What happens to the family AFTER??

After diagnosis. After treatment. After remission. After recurrence. After death.

See, the cancer patient is already going through it and it’s hard, hard, hard.  And as family members, we are doing all we can to make sure they don’t go through more than they have to.  In the meantime, what are we, the family members, doing? Worrying, waiting, hoping.  Always.  It’s a tough (and sometimes helpless and painful) spot to be in…a family member of a cancer patient.  Not sure what to say, how to feel, how to be.  But always wanting to help in some kind of way.

 If you are or were a caregiver to a family member with cancer, how are you coping? Any significant changes in your life?  

Finding peace in nature

Finding peace in nature

My one big change? Choosing to switch careers.  It’s like starting all over again. But  I know that I don’t want to see anyone else go through what my mom went through.  So I made a change.  And that’s why drives me.  Change isn’t so bad. It’s scary and things are uncertain, but it has made me more determined than I’ve ever been. Faith gets me through. This is my life AFTER. 

The Art of Patience

Slow drivers. Long lines. No price tag on the last item on the shelf. Rude customer service reps. What makes you impatient? What makes you stutter with anger and talk out loud to yourself? Notice I didn’t list the elderly…you know, old people…someone born about 25+ years before me. Why didn’t I list the ‘elderly’ as something or someone that makes me impatient? Well, quite simply my parents are elderly, by definition. Of course I used to see elderly as decrepit and unaware of their surroundings or unable to care for themselves. I hope that’s not a harsh description, but that’s what Hollywood would make us believe. But that’s not who my parents are…at least not in my mind. They’re my parents. The same people who taught me how to ride a bike, make science projects, learn how to change a tire and make grits and scrambled eggs. What I think we have to do is remember that one day we’ll all grow old, good Lord willing and the creek don’t rise (old folks’ saying).

The folks w/Matthew Mitchell (Kentucky)

So having said all of that, how many of us scream at the elderly when they turn slowly at the corner stop sign or drive 35 mph in a 60 mph zone? I stopped getting mad at elderly drivers several years ago. See, driving is their last tidbit of freedom. Should they be driving? Of course not. They are endangering the themselves and the lives of others. But, sometimes driving makes them feel young again and makes them feel in control because so much of their lives are out of control. And if no one is there to help them, how else can they get fresh milk or buy something to eat?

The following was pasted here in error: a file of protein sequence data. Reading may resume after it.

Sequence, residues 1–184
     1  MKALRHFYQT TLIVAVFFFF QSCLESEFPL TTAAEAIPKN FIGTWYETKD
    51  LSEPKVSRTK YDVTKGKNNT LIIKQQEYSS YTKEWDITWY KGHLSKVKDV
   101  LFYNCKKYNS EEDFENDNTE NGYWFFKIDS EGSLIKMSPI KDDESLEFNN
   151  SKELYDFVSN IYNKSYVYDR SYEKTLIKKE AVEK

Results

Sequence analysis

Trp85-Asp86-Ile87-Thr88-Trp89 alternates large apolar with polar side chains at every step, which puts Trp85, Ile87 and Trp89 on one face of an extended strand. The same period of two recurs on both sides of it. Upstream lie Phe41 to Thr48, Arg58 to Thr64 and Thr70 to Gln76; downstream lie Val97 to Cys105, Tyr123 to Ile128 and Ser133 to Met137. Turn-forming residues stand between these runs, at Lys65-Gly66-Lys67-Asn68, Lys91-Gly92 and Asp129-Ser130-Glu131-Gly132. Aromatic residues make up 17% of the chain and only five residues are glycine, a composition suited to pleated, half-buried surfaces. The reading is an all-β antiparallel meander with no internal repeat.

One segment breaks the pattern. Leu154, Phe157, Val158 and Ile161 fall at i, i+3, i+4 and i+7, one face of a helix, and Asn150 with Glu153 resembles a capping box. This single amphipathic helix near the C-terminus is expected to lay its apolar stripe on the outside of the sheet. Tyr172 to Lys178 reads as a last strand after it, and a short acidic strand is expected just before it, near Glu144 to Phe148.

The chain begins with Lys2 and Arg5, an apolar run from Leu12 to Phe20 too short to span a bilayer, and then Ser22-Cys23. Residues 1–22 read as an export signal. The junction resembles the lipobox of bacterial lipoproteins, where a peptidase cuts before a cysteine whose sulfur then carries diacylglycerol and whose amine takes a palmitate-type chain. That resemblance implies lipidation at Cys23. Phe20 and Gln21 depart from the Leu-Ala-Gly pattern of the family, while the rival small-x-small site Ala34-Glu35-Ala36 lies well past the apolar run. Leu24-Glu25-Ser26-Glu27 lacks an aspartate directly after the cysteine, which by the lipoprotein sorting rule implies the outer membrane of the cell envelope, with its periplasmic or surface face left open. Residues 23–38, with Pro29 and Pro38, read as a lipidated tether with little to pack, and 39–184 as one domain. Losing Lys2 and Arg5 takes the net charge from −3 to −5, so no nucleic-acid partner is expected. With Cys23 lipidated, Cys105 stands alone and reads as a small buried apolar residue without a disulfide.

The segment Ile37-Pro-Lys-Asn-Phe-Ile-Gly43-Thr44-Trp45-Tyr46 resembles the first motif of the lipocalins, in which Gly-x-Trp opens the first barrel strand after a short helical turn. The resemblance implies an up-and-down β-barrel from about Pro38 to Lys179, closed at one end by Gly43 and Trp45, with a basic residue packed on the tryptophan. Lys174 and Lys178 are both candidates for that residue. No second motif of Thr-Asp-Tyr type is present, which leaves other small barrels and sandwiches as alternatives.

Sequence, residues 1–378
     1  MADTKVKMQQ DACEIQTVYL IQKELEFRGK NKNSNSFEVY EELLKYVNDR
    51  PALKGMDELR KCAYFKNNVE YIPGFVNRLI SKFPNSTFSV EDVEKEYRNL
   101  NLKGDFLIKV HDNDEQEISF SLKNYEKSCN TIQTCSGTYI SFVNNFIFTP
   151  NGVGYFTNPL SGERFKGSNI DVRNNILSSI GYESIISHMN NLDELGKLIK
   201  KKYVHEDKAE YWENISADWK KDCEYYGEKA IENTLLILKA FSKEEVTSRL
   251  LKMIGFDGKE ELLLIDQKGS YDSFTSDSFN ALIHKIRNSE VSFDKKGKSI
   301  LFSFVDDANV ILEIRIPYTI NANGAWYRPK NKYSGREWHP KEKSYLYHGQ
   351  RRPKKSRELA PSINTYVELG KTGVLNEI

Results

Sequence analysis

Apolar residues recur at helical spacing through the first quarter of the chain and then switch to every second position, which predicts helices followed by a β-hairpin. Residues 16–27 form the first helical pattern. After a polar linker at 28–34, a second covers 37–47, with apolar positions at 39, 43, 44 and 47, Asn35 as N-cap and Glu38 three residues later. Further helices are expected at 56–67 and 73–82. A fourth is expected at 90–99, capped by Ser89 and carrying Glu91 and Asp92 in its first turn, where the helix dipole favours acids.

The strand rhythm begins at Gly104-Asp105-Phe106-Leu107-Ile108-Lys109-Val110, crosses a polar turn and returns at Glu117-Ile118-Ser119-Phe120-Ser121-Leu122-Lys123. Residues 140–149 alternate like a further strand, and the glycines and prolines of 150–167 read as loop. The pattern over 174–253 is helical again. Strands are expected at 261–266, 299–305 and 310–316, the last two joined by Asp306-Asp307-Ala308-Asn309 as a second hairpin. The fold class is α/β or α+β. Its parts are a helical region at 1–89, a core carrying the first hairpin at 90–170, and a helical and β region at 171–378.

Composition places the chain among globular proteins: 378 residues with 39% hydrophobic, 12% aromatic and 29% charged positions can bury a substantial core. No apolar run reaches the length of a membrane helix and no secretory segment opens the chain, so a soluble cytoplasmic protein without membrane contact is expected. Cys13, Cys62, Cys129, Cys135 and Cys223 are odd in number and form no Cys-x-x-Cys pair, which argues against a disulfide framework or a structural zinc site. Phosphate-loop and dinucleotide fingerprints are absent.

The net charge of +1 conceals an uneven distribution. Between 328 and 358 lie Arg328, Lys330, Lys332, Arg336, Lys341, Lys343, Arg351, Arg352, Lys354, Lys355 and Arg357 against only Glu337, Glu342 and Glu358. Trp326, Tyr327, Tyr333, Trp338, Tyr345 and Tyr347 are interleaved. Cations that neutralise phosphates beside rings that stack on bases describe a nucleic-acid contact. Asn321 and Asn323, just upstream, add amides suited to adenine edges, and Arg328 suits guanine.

My mom stopped driving a couple of months ago, after her second stroke on Father’s Day. Even when she was taking chemo, she was driving. Probably wasn’t the safest idea, but she was fiercely determined that cancer wasn’t gonna take her freedom so no one could stop her. But now, I can’t remember the last time she drove her beloved Honda Element. That breaks my heart. How many of you would feel lost if you could never drive your car again? EVER. How many of you would feel like you’re held captive because you have to wait on someone else to take you to the store or go out to dinner? You’re active in many other ways, but you just don’t know the freedom of the road. How sad.

Mom and the Chick-Fil-A Cow

I’ve learned the art of patience through the eyes of my grandmother and my mother. My grandmother was the most independent woman I know; especially for someone born way back in 1911. My grandmother drove until they took away her keys. My mom didn’t have a choice. I guess deep down she knew that driving wasn’t possible after a while.

So I’ve developed patience with the elderly when they are in line at the post office or grocery store. Or waiting at a stop light that turned green 10 seconds ago. I’ve learned how to be patient with elderly women who can’t reach the shelves in the grocery store and I reach to get that can of corn for them. They’re shopping all alone with no one to help them. All we have to do is put ourselves in their position…wouldn’t we want someone to help us?

Tomorrow, practice the art of patience. Take a couple of seconds to help or pray for an elderly person before you decide to mumble curse words under your breath. That could be your mom, dad or uncle trying to exert some independence. After all, if the good Lord willing and the creek don’t rise, that will be you one day trying to back out of the driveway without hitting the mailbox.